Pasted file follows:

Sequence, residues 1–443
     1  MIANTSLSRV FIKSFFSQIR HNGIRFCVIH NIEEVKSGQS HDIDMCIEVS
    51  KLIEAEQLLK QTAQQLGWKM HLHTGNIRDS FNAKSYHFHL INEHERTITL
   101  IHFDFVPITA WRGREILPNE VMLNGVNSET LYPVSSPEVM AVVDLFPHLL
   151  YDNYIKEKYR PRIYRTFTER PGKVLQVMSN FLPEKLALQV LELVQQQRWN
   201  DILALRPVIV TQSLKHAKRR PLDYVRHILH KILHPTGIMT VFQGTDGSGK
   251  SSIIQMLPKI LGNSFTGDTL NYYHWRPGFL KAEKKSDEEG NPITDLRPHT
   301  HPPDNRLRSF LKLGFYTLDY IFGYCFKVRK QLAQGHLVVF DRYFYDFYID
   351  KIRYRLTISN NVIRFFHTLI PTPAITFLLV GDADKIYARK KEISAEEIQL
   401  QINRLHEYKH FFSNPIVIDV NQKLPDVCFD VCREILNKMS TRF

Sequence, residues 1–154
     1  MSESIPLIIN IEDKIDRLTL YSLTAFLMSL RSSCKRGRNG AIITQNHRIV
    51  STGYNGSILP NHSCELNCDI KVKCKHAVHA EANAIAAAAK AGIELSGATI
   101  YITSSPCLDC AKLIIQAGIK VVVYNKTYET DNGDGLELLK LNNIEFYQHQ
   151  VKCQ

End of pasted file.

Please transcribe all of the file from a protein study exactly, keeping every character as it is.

Sequence, residues 1–443
     1  MIANTSLSRV FIKSFFSQIR HNGIRFCVIH NIEEVKSGQS HDIDMCIEVS
    51  KLIEAEQLLK QTAQQLGWKM HLHTGNIRDS FNAKSYHFHL INEHERTITL
   101  IHFDFVPITA WRGREILPNE VMLNGVNSET LYPVSSPEVM AVVDLFPHLL
   151  YDNYIKEKYR PRIYRTFTER PGKVLQVMSN FLPEKLALQV LELVQQQRWN
   201  DILALRPVIV TQSLKHAKRR PLDYVRHILH KILHPTGIMT VFQGTDGSGK
   251  SSIIQMLPKI LGNSFTGDTL NYYHWRPGFL KAEKKSDEEG NPITDLRPHT
   301  HPPDNRLRSF LKLGFYTLDY IFGYCFKVRK QLAQGHLVVF DRYFYDFYID
   351  KIRYRLTISN NVIRFFHTLI PTPAITFLLV GDADKIYARK KEISAEEIQL
   401  QINRLHEYKH FFSNPIVIDV NQKLPDVCFD VCREILNKMS TRF

Sequence, residues 1–154
     1  MSESIPLIIN IEDKIDRLTL YSLTAFLMSL RSSCKRGRNG AIITQNHRIV
    51  STGYNGSILP NHSCELNCDI KVKCKHAVHA EANAIAAAAK AGIELSGATI
   101  YITSSPCLDC AKLIIQAGIK VVVYNKTYET DNGDGLELLK LNNIEFYQHQ
   151  VKCQ